I read your “Toilet Issue” with great interest. I’m in the process of completing the renovation of my home. I’ve had very mixed experiences in hiring contractors. I’ve had an unlicensed contractor who has done impeccable work that had a full inspection. On the other hand, I had to fire a licensed contractor after three days because I knew full well the work he had done wouldn’t pass muster with the inspector. The best insurance I’ve found to keep me and the contractors honest is to ensure that all the proper inspections are performed by my locality. I also love the fact that I can get recommendations from Angie’s List, saving me from many of these frustrations.

Your plumbing lines should operate smoothly without problems. If you are having any of these common problems then you need a great plumber as soon as possible.

Shame how the "New " NYC plumbing code is placing safety on the back burners

Being a licensed master plumber and gas fitter and currently employed as a Plumbing, Gas and Mechanical inspector in Virginia. ALL consumers should ask for the contractors license and check with the local licensing authority for complaints Virginia's authority is DPOR.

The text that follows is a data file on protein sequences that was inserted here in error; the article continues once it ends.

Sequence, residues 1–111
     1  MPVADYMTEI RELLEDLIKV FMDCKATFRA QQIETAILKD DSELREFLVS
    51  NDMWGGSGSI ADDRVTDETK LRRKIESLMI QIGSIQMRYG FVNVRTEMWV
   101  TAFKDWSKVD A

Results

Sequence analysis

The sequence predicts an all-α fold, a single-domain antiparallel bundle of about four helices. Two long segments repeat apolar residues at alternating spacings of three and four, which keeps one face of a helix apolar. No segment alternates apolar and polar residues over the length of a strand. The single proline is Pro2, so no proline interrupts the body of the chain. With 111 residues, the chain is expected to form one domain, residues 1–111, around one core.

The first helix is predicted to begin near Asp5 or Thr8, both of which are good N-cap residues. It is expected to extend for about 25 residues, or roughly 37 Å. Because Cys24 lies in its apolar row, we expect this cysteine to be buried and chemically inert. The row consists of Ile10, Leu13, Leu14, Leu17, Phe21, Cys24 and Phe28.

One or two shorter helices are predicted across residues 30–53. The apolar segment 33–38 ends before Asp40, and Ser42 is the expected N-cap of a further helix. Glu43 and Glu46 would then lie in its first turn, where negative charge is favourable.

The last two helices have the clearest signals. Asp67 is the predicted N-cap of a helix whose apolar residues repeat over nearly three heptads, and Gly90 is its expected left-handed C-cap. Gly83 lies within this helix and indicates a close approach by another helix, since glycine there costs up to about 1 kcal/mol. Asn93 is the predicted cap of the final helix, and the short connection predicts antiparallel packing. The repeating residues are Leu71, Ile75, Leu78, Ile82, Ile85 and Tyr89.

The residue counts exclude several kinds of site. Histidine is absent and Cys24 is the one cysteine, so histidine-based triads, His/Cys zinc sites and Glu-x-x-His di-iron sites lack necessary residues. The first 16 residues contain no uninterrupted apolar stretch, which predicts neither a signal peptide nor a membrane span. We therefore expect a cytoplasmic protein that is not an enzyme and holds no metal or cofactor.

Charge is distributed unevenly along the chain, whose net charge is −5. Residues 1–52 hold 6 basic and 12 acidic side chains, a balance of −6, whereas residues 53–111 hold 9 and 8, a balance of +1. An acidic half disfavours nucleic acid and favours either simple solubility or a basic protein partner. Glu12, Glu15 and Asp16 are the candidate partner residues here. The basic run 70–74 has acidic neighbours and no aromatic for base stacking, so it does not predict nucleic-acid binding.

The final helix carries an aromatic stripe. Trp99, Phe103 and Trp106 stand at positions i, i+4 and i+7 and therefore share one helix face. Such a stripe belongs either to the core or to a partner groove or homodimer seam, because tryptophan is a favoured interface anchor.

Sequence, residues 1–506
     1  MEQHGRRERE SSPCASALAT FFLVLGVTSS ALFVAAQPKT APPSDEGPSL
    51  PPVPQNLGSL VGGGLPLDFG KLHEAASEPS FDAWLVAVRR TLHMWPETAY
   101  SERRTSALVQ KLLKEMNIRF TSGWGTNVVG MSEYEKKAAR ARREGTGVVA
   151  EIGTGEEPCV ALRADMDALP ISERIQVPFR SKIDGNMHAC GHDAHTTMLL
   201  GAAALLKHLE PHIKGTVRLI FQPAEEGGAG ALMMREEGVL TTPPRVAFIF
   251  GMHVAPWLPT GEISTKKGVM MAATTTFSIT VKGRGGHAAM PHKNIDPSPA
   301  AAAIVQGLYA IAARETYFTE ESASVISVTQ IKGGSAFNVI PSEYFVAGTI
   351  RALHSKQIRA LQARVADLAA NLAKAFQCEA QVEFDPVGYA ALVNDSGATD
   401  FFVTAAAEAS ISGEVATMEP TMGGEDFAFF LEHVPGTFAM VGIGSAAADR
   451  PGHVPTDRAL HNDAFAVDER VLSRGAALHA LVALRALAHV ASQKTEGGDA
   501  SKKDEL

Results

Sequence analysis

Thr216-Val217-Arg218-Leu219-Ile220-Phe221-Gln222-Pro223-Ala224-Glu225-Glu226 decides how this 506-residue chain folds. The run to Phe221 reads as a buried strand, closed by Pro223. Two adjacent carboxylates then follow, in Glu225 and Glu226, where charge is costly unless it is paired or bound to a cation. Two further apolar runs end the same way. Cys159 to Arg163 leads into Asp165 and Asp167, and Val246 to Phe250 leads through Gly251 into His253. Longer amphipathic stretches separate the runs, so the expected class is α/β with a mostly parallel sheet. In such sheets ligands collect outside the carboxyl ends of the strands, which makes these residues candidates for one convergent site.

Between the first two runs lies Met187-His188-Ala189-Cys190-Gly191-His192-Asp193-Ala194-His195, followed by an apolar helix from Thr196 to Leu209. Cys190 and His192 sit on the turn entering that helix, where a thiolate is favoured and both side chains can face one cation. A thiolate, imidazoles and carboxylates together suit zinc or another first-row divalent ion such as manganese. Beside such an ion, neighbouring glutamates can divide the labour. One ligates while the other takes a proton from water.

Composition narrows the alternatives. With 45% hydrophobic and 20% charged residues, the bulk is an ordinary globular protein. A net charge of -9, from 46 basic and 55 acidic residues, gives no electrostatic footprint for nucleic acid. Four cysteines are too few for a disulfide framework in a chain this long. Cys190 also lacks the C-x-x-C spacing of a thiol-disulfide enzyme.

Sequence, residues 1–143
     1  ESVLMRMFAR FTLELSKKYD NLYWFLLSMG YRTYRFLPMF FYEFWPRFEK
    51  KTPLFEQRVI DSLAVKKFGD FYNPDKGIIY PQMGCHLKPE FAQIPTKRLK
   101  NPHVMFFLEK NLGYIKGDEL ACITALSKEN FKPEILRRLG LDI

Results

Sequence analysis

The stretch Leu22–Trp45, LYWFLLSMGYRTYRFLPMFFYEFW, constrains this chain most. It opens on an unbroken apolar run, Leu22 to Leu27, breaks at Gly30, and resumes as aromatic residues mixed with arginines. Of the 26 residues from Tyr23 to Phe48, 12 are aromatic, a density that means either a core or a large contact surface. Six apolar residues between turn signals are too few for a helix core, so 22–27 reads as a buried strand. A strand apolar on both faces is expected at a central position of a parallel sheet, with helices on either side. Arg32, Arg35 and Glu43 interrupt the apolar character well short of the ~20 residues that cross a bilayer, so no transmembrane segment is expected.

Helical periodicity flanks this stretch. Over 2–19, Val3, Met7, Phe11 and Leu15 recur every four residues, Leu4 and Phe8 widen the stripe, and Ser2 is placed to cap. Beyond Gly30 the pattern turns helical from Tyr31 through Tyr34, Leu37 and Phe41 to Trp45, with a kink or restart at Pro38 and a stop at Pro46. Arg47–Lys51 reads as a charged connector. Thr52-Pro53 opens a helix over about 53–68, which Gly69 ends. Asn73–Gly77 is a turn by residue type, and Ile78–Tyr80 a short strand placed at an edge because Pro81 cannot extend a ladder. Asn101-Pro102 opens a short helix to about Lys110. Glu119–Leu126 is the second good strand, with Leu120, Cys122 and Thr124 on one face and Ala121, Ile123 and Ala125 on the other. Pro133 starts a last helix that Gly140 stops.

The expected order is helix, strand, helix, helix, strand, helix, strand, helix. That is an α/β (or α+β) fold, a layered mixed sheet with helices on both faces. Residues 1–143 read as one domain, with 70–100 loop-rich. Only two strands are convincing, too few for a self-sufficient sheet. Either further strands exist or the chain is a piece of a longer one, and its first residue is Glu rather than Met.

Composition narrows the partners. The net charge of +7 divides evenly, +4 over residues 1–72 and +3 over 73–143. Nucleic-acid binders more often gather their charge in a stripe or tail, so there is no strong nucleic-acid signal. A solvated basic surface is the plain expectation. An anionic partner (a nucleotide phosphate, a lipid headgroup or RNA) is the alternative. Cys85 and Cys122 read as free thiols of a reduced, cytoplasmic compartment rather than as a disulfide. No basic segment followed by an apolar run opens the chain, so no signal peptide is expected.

I have one constructive criticism to make of this otherwise good advisory. You listed six states not requiring state-licensing of plumbers. One thing you did not explain or list: A number of states, (New Hampshire is one example)allow homeowners to do work within the confines of their. But other state's laws or building department REQUIRE that ALL plumbing, gasfitting and sewage work be done by a licensed professional. Massachusetts is one such state. Even installing a new toilet, or repairing a leaking pipe MUST be done by a licensed contractor.

I am a Master Plumber in Texas and the Texas State Board of Plumbing Examiners has a web site where you can go and check on any plumber licensed by the state. It also tells you if they are insured. I'm sure most states work the same way.

What is best way to validate a plumber's licensing before he/she begins their work in my house? Are they required to carry a certificate in their possession?

A great place to find licensed contractors is your local Home Builders Association website. These guys are Board Approved before they can become members.

Would like to clarify my story. NC does require GL for it's Licensed Contractors, but do not require Contractors send them proof of coverage. Mr. Dills had quarters where he was covered, unfortunately not when my job was done.

Wow, what a story!.... The good guys need to be encouraged. And, the bad guys must be sidelined! Thanks very much for letting me see this case.